BlackBerry users across the world were exasperated Wednesday as an outage of email, messaging and Internet services on the phones spread to the U.S. and Canada and stretched into the third day for Europe, Asia, Latin America and Africa.
Research In Motion Ltd., the Canadian company that makes the phones, said users in the Americas "may be experiencing intermittent service delays this morning," and said it's working to fix the problem.
It appeared to be the biggest outage in years for BlackBerry users, many of whom reported lengthy rather than "intermittent" loss of service.
Overseas, the problems started Monday. On Tuesday, RIM said a crucial link in its infrastructure had failed, and a backup didn't work either. It said it was now working to get through a backlog of traffic. It hasn't explained why the outage spread to North America on Wednesday.
The service outage, the longest in many years, added to RIM's woes. The company is struggling with slowing sales, delays in getting new phones out, a tablet that's been a dud and shares that are approaching a five-year low.
The duration of the latest outage could force large businesses to rethink their use of BlackBerrys, said Gartner analyst Carolina Milanesi. Many of them have stuck with the phones because of the quality and efficiency of its email system, but that's now in question, she said.
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Consumers are having second thoughts too. Andrew Mills, a child abuse investigator for the state of Arkansas, said he'd been thinking of getting some other smartphone for a while, and the outage was the "nail in the coffin" for him.
The 27-year-old has used BlackBerrys for five years, but friends and family have abandoned them, and he's set to do so in a few weeks. "From what I can see on their new phones they're not doing anything that's competing with Droid and iPhone," he said.
In the United Arab Emirates, the two biggest phone companies said they would compensate their BlackBerry users for the mishap by giving them at least three days of free service. Matthew Willsher, chief marketing officer for Etisalat, the country's biggest telecom, said it was acting in response to the "exceptional and unprecedented circumstances."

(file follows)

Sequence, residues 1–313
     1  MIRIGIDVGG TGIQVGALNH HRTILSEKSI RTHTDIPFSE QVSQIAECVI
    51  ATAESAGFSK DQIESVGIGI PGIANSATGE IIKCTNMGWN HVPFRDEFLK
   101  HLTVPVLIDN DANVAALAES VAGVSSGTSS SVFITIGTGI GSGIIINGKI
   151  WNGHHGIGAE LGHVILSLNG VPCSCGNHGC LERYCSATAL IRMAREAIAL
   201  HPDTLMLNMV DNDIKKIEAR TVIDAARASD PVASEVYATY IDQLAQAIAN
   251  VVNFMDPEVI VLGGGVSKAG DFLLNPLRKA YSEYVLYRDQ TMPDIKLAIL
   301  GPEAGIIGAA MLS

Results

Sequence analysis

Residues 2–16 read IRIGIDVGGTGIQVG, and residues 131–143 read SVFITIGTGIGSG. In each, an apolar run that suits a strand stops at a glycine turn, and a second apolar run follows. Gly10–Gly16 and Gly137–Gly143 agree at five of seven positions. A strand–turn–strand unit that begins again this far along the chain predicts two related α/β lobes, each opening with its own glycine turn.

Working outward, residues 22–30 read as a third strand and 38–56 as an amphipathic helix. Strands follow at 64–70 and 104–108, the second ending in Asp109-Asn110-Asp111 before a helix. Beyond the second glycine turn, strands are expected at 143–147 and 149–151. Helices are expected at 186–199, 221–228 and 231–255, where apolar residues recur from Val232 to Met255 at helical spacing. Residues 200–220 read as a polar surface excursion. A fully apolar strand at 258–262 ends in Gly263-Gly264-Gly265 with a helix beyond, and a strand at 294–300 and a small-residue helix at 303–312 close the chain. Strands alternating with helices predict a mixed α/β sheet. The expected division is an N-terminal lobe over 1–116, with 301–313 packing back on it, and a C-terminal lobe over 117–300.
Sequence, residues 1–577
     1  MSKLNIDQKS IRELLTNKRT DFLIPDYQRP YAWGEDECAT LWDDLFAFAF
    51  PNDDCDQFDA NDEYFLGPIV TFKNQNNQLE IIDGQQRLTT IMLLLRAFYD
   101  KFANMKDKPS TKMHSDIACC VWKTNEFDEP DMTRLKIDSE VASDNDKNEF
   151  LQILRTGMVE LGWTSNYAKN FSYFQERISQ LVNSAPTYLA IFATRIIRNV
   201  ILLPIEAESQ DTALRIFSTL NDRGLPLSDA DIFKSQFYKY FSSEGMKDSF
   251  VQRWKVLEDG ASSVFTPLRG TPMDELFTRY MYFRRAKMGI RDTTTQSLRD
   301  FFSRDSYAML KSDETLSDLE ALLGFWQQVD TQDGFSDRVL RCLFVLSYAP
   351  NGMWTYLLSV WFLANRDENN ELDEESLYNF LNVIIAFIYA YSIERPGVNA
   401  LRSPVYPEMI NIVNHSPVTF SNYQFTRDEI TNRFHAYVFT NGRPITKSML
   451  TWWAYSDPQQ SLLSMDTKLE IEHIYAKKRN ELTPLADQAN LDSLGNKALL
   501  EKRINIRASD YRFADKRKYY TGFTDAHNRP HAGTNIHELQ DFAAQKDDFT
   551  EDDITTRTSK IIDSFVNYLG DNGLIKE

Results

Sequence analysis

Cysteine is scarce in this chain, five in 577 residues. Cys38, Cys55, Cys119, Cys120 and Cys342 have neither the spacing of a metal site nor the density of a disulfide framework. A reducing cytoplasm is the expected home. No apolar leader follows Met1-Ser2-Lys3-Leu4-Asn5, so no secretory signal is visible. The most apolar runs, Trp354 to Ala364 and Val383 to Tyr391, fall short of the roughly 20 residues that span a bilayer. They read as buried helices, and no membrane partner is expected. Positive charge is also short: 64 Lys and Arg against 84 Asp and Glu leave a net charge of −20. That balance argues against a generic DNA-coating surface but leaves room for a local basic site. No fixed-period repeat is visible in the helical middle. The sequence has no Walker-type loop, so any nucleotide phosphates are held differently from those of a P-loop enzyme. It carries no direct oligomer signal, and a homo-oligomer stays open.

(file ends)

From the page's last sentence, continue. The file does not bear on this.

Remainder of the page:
Unlike other cellphone makers, RIM handles email and messaging traffic to and from its phones. That allows it to provide services that other phones don't have, optimize data service and provide top-class security. But when it encounters a problem, a large share of the 70 million BlackBerry subscribers worldwide can be affected all at once. BlackBerry outages tend to occur several times a year, but they usually last for less than a day.
One of the BlackBerry's big attractions is the BlackBerry Messenger, or BBM, which works like text messaging but doesn't incur extra fees. That service was affected by the outage, and to make matters worse for RIM, Apple Inc. is releasing software Wednesday for its iPhones that works like BBM, and a new phone on Friday. Competition from Apple is one of the chief causes of RIM's diminishing fortunes.
Investors, however, appeared to take the outage in stride, figuring that it's just one of many problems RIM is facing. Its shares fell 13 cents, or 0.5 percent, to $24.28 in afternoon trading in New York as major indexes rose.